It’s a hardtail, but it’s not a cross-country bike, and the ARC’s 2.6-inch tires reflect that. The ARC is delightfully stiff without being shocking. On the trail, the bike was loose and playful, easy to maneuver, provided precise steering, and was so much fun. It was smooth and fast, with clean lines and a sleek simplicity unique to RIBs.

On technical rocky trails, the high volume tires absorbed chatter and allowed me to ride aggressively, aerate the tables and stimulate the kickers. As the Yeti promised, it was like every other Yeti bike I rode when I got on board. So I didn’t hesitate to roll over rock slabs and jump over every item I saw on the trail.

Precise direction of the semi-rigid

Adaptable ‘UDH’: specifications and components

Cyclists who buy this bike will ask different things of it. Runners can use a large front chainring, for example. So the Yeti used a 55mm chainline on the crank – a new standard that allows the ARC to accommodate more teeth up front – big tires and a derailleur cable with Boost spacing, not Superboost. . So if you are planning to upgrade your ARC with your existing carbon wheels, for example, you still can.

The ARC also specifies SRAM’S UDH (Universal Derailleur Hanger), which SRAM and Yeti claim will be adopted worldwide by all brands. This means that the next time you fold your derailleur hanger in Nepal, Quebec, Argentina, or Australia, you won’t need to find a Yeti dealer to purchase a new one.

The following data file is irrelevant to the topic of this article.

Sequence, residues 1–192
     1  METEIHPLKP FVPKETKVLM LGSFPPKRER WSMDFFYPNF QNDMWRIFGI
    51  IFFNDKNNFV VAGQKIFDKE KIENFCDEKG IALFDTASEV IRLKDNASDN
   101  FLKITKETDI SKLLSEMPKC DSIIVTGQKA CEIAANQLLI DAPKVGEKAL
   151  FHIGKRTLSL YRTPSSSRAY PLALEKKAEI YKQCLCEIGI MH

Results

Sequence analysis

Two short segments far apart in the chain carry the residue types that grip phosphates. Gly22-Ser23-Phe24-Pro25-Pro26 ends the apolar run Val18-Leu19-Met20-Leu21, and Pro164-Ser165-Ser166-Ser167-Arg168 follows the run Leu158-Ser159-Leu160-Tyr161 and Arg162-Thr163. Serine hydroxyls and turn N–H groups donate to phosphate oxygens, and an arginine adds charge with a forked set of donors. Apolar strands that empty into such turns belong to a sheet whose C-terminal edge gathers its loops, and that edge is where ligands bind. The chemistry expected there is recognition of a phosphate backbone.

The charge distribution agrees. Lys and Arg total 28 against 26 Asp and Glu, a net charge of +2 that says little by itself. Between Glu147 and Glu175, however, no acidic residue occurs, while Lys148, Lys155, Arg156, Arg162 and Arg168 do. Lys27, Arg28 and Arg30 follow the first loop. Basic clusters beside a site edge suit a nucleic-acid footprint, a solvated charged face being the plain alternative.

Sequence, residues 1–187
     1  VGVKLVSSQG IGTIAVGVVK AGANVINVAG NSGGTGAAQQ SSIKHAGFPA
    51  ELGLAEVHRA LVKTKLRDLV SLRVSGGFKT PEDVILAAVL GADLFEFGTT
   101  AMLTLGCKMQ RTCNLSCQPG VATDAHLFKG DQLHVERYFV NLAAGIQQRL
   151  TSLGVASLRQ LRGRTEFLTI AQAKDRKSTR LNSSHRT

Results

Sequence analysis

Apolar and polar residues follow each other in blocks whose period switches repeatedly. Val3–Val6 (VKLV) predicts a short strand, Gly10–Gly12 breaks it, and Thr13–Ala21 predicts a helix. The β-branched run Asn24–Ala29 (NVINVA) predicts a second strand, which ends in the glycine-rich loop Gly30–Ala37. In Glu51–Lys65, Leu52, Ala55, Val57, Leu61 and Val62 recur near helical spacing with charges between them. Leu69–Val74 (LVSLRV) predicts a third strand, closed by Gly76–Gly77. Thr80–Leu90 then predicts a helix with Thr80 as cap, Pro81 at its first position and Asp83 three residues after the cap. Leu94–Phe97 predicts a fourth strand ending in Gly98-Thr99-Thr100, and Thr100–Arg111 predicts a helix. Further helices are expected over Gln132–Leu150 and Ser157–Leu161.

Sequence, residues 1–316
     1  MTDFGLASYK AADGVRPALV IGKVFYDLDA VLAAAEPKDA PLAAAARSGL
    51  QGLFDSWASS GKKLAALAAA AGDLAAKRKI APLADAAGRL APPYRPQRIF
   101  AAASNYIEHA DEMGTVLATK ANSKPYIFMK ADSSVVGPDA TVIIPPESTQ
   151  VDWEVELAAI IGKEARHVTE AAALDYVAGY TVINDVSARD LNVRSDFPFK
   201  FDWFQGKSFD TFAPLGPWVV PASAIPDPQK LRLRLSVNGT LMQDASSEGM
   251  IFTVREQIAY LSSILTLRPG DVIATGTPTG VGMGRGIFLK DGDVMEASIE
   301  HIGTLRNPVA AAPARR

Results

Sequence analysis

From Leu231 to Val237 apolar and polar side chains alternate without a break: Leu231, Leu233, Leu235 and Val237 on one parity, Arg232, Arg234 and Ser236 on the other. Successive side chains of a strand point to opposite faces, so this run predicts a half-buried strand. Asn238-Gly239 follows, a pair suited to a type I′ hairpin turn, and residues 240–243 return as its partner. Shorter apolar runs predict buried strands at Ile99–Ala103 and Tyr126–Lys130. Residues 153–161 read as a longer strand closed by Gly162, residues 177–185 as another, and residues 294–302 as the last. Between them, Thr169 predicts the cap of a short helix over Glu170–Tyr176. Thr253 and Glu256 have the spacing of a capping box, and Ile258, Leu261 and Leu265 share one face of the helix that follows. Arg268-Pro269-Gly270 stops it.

Because the brands predict that all bike shops will carry UDH, Yeti plans to design it in future models as well. According to Thornberry, however, it cannot be retroactively traded on existing models.

Other cool features include a brake mount on the seatstay – an aesthetic decision, not a functional one. Thornberry told me that Yeti wanted to keep the brake off and keep the bike clean.

The bike uses full internal tubes for cables and ports, designed to prevent these cables from rattling. Buy a version with an AXS dropper or gearshift, and the bike comes with port covers. An extra thick finned chain chatter protector provides additional noise reduction.

“Bikes these days are so good that if a bike makes a clicking noise, you think the bolts are coming out,” Thornerry pointed out. “We have done everything to keep this bike quiet.

Yeti ARC: Features

Point your wheel down and let it roll

It’s a Yeti, and superfans of the brand love to ride Yeti bikes. So we asked Thornberry if he expects the same from this hardtail, which already has 130mm suspension, which is fine with me.

“Oh, yeah,” he said. “There is a team out there that is committed to ‘lunch on horseback’ on everything we make. Check your social media feed. It is only a matter of days.

ARC is simple and classic, and for me riding a hardtail took me back to the origins of mountain biking and reminded me that you don’t need the most complicated tool for the job. Get out, point your wheel down and let it roll.

The new Yeti ARC is available in Carbon and Turq versions, ranging from $ 3,600 to $ 6,800. Find the full specifications here.